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ACT OF 1913

ACT OF 1922

(No corresponding provisions.)3

(No corresponding provisions.)

ACT OF 1930

(1) OFFICE AT NEW YORK.-The commission is authorized to establish and maintain an office at the port of New York for the purpose of directing or carrying on any investigation, receiving and compiling statistics, selecting, describing, and filing samples of articles, and performing any of the duties or exercising any of the powers imposed upon it by law. [No corresponding provision in act of 1913.)

SEC. 318.

(d) The commission is authorized to establish and maintain an office at the port of New York for the purpose of directing or carrying on any investigation, receiving and compiling statistics, selecting, describing, and filing samples of articles, and performing any of the duties or exercising any of the

powers imposed upon it by law. (g) OFFICIAL SEAL.-The commission is authorized to adopt an official seal, which shall be judicially noticed. [No corresponding provision in act of 1913.)

SEC. 318.

(e) The United States Tariff Commission is authorized to adopt an official seal, which shall be judicially noticed.

ACT OF 1930 SEC. 332. INVESTIGATIONS.

(a) INVESTIGATIONS AND REPORTS. - It shall be the duty of the commission to investigate the administration and fiscal and industrial effects of the customs laws of this country now in force or which may be hereafter enacted, the relations between the rates of duty on raw materials and finished or partly finished products, the effects of ad valorem and specific duties and of compound specific and ad valorem duties, all questions relative to the arrangement of schedules and classification of articles in the several schedules of the customs law, and, in general, to investigate the operation of customs laws, including their relation to the Federal revenues, their effect upon the industries and labor of the country, and to submit reports of its investigations as hereafter provided.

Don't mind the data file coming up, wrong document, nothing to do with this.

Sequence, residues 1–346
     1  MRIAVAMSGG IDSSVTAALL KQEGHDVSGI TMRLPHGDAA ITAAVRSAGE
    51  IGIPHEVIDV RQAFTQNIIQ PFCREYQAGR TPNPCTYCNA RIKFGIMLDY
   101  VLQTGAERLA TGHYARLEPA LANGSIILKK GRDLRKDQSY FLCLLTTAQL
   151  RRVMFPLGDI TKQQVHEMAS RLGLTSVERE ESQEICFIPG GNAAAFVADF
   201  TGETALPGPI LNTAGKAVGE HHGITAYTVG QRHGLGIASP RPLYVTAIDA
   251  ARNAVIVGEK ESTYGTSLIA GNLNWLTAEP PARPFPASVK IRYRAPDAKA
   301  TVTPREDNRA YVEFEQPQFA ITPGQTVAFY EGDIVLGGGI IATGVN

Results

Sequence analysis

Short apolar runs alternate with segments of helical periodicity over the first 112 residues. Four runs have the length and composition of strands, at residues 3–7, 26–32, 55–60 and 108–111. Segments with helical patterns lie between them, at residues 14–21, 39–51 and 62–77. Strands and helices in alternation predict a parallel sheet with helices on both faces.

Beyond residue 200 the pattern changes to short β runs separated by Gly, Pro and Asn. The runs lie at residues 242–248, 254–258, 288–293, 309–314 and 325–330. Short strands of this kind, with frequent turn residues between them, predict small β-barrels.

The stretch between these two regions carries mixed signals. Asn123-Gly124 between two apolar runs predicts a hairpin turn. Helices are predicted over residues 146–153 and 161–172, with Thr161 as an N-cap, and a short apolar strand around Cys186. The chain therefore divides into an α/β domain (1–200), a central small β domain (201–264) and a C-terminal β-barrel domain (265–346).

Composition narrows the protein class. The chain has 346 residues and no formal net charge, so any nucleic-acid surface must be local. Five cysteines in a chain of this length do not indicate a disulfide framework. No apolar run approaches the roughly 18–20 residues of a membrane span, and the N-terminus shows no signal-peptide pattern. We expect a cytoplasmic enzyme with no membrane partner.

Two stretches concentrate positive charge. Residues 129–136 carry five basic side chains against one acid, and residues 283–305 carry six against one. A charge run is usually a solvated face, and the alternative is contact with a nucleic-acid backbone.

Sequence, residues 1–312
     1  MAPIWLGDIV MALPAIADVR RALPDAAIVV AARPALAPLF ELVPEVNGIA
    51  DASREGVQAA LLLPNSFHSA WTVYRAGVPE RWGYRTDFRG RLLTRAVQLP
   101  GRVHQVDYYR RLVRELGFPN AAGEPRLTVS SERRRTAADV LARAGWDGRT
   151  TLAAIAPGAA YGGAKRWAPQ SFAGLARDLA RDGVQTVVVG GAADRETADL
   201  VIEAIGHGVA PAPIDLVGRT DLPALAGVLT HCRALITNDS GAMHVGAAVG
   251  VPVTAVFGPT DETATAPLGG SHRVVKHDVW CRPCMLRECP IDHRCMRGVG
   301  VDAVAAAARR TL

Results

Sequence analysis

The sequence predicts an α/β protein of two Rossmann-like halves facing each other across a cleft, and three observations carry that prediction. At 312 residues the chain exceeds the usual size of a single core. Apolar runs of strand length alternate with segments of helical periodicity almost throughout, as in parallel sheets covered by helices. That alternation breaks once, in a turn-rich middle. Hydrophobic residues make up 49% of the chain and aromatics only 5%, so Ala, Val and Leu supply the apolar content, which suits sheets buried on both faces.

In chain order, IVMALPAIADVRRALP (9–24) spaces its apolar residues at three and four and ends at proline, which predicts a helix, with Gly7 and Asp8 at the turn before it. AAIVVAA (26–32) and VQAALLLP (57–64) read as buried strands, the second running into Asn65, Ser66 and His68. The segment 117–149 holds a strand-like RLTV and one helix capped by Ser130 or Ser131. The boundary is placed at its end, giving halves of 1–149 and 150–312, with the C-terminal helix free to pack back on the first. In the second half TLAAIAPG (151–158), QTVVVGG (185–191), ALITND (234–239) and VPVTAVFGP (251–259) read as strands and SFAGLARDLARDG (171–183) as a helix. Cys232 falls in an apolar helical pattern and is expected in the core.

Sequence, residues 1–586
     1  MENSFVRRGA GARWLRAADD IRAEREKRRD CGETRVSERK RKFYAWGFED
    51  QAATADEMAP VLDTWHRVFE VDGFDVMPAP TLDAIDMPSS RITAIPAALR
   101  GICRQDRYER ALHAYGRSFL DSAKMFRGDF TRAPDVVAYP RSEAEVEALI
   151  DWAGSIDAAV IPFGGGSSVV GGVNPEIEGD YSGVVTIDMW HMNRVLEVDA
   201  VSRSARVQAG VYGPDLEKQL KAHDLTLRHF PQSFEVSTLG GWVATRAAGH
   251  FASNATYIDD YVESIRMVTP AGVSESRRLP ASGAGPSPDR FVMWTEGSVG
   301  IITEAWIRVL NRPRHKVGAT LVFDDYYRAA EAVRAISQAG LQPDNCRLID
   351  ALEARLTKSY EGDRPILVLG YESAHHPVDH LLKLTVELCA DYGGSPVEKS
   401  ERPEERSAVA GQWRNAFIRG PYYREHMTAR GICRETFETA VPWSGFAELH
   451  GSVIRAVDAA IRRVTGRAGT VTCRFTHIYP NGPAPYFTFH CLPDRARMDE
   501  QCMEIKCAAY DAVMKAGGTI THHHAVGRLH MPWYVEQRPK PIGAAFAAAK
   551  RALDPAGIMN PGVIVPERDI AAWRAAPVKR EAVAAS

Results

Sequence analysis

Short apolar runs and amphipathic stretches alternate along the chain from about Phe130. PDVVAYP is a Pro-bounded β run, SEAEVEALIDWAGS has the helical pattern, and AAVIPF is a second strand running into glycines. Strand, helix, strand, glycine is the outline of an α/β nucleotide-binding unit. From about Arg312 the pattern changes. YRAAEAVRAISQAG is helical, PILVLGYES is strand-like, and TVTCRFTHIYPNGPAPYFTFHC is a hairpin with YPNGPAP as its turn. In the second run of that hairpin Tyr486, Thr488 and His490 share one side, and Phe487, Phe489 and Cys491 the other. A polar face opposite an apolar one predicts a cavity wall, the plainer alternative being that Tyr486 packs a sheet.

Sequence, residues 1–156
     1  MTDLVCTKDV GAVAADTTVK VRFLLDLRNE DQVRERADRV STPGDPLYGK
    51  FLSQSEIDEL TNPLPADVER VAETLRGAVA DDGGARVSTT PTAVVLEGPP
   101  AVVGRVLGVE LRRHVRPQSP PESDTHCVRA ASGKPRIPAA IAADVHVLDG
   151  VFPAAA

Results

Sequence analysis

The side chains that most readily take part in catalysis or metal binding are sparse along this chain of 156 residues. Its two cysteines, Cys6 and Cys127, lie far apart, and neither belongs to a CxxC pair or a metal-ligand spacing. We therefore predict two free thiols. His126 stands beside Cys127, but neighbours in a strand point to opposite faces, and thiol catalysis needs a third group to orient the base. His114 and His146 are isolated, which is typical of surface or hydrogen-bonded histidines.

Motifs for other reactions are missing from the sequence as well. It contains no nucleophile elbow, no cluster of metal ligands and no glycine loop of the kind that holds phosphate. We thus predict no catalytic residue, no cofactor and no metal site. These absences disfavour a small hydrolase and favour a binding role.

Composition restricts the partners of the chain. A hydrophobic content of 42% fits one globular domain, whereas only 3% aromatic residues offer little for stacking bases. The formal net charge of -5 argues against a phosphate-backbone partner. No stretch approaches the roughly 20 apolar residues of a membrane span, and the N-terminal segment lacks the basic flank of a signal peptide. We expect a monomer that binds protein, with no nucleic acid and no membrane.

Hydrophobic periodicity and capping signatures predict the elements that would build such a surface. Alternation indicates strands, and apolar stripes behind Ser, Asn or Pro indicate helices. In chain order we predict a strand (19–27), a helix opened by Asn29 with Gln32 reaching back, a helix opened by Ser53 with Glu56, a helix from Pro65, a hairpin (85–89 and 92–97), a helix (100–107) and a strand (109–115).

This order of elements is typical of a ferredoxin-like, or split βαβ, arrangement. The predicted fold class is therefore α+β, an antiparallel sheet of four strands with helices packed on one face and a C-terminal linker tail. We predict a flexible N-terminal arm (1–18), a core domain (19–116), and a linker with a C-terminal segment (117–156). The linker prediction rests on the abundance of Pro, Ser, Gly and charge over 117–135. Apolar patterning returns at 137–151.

(b) INVESTIGATIONS OF TARIFF RELATIONS.-The commission shall have power to investigate the tariff relations between the United States and foreign countries, commercial treaties, preferential provisions, economic alliances, the effect of export bounties and preferential transportation rates, the volume of importations compared with domestic production and consumption, and conditions, causes, and effects relating to competition of foreign industries with those of the United States, including dumping and cost of production.5

(C) INTESTIGATION OF PARIS ECONOMY PACT.-The commission shall have power to investigate the Paris Economy Pact and similar organizations and arrangements in Europe.

Section 701 of the Revenue Act of 1916, which follows, corresponds with section 331 (a) to (e) of the Act of 1930: SEC. 701.

The commission shall appoint a secretary, who shall receive a salary of $5,000 per year, payable in like manner, and it shall have authority to employ and fixt eh compensation of such special experts, examiners, clerks, and other employees as the commission may from time to time find necessary ftr the proper performance of ts duties.

With the exception of the secretary, a clerk to each commissioner, and such special experts as the commission may from time to time find necessary for the conduct of its work, all employees of the commission shall be appointed from lists of eligibles to be supplied by the Civil Service Commission and in accordance with the civil-service law.

All of the expenses of the commission, including all necessary expenses for transportation incurred by the commissioners or by their employees under their orders in making any investigation or upon official business in any other places than at their respective headquarters, shall be allowed and paid on the presentation of itemized vouchers therefor approved by the commission.

Unless otherwise provided by law, the commission may rent suitable offices for its use, and purchase such furniture, equipment, and supplies as may be necessary.